The Sundance that welcomes filmmakers and studio executives this year hasn’t exactly been preserved in amber. Festival organizers have used the gap to make some changes. Gone are the secret screenings that in years past attracted such incongruous major studio offerings as the forgettable Taron Egerton dramedy “Eddie the Eagle” and the sci-fi debacle “Jupiter Ascending.” Moreover, fewer films will show in fewer Park City venues (Sundance has shed two theaters, the Marc and the Temple). It has also added a theater in nearby Salt Lake City as a way of expanding its reach beyond the affluent base of film fans who have the means to travel to the ritzy ski town where Sundance has traditionally unfolded.  

More controversially, the festival has opted to retain a virtual component. The bulk of the movies at Sundance will screen through the festival’s online hub as early as 24 hours after they premiere. Some sales agents are unhappy with the decision, believing it will make it more difficult to generate excitement around their films.  

“At the end of the day, hopefully Sundance recognizes the needs of the market and the importance of getting buyers to attend,” Sloss says. “If films premiere virtually the day after, you’re going to lose three-fourths of your buyers in the audience.” 

Josh Braun, the co-founder of Submarine Entertainment, a production and sales company behind previous Sundance films such as “Boys Town” and “The Cove,” agrees.  

“I can live with it, but I don’t love it,” he says. “You can’t replicate the feeling that happens when you have a room full of buyers seeing and feeling how an audience of real people is going to react to a film.”   

But it’s also true that in pre-COVID times there was something about the thin mountain air that could leave studios making rash, even costly mistakes. Plenty of films such as “Blinded by the Light” and “Me and Earl and the Dying Girl” got a rapturous response from festivalgoers and captured big deals only to bomb at the box office. Some studio executives are hoping that negotiations for movies can take place in a more sedate atmosphere, and would like to see an end to the all-night bidding wars that once captivated the festival.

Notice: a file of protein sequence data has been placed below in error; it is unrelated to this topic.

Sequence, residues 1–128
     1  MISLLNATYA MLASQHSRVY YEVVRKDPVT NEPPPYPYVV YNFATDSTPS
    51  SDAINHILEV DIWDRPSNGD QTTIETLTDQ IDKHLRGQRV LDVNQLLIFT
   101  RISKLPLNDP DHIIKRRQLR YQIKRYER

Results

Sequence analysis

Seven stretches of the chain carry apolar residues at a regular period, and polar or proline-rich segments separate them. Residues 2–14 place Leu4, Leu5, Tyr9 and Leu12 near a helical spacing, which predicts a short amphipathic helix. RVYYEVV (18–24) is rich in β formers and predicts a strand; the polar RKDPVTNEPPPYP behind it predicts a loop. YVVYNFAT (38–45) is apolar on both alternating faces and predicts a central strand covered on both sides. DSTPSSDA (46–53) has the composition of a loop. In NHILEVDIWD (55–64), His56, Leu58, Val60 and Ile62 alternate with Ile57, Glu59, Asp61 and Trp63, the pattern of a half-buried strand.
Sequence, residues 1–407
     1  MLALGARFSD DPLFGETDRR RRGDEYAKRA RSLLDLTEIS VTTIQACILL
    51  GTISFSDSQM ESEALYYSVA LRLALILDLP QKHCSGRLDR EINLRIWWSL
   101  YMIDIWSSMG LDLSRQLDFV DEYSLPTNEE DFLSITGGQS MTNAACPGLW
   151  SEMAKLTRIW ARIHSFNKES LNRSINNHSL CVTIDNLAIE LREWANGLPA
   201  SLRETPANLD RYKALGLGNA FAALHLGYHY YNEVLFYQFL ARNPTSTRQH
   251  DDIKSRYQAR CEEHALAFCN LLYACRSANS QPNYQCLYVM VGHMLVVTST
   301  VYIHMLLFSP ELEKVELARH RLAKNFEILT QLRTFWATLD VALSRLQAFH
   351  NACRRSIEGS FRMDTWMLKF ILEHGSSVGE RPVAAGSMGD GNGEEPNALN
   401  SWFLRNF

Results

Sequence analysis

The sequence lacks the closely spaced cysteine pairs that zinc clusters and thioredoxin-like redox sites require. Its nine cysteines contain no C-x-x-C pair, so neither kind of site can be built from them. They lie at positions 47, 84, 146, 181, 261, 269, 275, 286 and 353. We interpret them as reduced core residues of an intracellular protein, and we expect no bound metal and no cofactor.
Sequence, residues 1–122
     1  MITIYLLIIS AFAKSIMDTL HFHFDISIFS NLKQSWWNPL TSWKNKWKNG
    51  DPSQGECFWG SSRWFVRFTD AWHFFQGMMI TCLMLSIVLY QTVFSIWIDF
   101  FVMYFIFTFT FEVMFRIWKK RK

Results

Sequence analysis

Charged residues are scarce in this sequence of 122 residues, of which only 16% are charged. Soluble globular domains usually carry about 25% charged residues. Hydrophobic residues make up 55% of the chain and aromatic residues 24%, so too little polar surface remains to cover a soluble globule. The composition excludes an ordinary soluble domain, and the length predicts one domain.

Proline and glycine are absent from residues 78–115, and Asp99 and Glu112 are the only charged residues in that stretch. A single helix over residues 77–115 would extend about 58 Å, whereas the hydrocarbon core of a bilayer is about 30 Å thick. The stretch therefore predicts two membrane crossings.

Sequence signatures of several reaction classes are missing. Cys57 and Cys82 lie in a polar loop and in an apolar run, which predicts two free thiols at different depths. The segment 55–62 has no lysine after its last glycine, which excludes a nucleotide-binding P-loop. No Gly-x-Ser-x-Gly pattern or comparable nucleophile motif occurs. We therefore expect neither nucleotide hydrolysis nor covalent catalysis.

“Before COVID, you’d go to these giant mansions that were occupied by sales agents where you were invited in the middle of the night to screen movies in basements,” says Tom Bernard, co-founder of Sony Pictures Classics. “I do not miss those viewing conditions.” 

For its part, Sundance says it has heard the concerns of sales agents, but believes that there needs to be a role for virtual screenings in the festivals of the future. To alleviate concerns, the festival has allowed films to opt out of a virtual component — but more than 80 movies will be made available digitally to passholders.  

“We want every film to be covered, every film to be reviewed, so this gives us an opportunity to have more people at the table and have more people part of the conversation,” says Vicente.  

For the filmmakers who flock to Sundance, nothing compares to the anxiety and excitement of screening their latest work in a full house of movie lovers. They’re coming back, armed with COVID tests, eager to rejoin a community that’s been strained by business struggles, production challenges and prolonged separation. For director Justin Chon, this will be his third time premiering a film at Sundance. He’s been here before with 2017’s “Gook” and 2019’s “Ms. Purple” and he’s back in 2023 with “Jamojaya,” a family drama about an up-and-coming Indonesian rapper.  

“I’m just so damned relieved and excited that Sundance is back in-person,” says Chon. “That’s why I made this film. I want to share it with an audience and there’s nothing that can replicate the kind of communal experience you get at a place like Sundance.”